Device detects gluten in foods

For people with food allergies, eating out can be a challenge. Now, new technology is giving peace of mind.

Jolene Warren  was diagnosed with celiac disease about a year ago.

"I had severe anemia and my red blood count was terrible," she explained.

Celiac is an autoimmune disease triggered by gluten, found in wheat, barley and rye. It's commonly controlled through a strict diet.

Jolene said, "Food was my social activity and since then, I eat as much as I can at home because that's my safe spot."

But now, this pocket-size gluten detector is helping her to eat out more and worry less.

The device from Nima Labs scans a sample of food placed in a disposable capsule. A smile shows its safe - a wheat icon means gluten was detected.

Nima researchers are now creating devices for other common food allergies.

CEO Shireen Yates said, "We're developing a test for peanuts, for dairy, for tree nut, eventually anything you care about. We wanna give you that instant information in the palm of your hand."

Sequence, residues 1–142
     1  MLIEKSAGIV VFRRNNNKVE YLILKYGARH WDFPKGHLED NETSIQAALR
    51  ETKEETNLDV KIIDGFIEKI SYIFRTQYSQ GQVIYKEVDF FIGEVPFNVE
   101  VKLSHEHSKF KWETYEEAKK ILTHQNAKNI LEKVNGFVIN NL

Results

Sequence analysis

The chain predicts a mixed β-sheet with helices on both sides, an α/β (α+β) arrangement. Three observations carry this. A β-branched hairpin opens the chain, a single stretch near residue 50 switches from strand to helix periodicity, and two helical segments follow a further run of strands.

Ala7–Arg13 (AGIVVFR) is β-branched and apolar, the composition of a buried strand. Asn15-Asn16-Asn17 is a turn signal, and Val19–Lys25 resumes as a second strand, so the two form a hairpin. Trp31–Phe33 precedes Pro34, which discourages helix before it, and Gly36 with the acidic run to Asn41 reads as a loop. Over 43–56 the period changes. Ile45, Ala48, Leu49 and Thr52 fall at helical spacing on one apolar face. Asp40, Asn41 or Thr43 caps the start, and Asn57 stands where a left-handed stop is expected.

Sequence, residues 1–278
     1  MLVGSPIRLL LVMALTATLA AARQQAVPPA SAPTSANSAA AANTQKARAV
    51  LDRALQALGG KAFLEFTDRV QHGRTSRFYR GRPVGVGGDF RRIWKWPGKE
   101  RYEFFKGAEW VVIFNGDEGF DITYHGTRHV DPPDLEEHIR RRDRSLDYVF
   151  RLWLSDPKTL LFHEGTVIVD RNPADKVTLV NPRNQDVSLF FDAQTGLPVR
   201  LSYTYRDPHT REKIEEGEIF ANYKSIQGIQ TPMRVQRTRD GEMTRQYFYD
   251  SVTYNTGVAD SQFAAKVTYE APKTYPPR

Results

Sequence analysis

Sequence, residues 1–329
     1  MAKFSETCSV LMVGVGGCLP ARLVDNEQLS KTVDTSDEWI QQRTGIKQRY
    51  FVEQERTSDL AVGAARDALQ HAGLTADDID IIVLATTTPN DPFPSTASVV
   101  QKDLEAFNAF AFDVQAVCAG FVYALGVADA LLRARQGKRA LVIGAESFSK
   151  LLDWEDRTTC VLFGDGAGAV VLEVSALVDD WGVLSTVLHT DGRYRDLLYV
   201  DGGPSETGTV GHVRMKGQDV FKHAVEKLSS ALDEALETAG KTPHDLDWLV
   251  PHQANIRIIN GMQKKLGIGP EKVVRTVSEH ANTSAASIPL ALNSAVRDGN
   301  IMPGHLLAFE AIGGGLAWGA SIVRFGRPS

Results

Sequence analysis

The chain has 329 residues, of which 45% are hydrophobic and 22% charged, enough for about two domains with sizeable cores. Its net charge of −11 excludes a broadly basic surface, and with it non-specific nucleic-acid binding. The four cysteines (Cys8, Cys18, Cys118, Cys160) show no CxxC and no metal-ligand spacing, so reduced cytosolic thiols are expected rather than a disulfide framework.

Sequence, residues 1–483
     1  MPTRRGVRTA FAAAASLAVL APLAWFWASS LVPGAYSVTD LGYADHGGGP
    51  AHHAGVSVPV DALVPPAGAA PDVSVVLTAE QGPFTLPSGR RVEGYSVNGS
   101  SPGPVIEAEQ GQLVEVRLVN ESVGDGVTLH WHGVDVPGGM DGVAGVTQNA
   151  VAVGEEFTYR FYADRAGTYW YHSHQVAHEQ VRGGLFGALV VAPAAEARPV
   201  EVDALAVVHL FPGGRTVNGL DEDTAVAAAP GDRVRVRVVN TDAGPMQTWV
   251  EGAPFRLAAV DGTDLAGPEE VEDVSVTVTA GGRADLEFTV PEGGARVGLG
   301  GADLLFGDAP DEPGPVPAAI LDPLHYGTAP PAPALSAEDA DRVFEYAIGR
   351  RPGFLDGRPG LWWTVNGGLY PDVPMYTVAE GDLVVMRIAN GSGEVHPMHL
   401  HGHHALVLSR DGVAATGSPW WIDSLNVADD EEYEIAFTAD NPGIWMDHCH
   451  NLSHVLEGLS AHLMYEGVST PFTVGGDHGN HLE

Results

Still Nima admits it's not a 100 percent guarantee. While the tested sample may be safe, that doesn't mean the entire meal is gluten free.

Dietitian Emily Luxford thinks the technology is helpful, but worries users may become too dependent.

"And so,  they don't know how to use the proper tools of asking questions, communicating with restaurants, or reading labels and then they feel like they can't actually make a choice without a device," she said.

Jolene uses her detector at least 2 to 4 times a week.

The device does not require FDA approval. It costs about $300 dollars and each single use capsule runs about $5.
 


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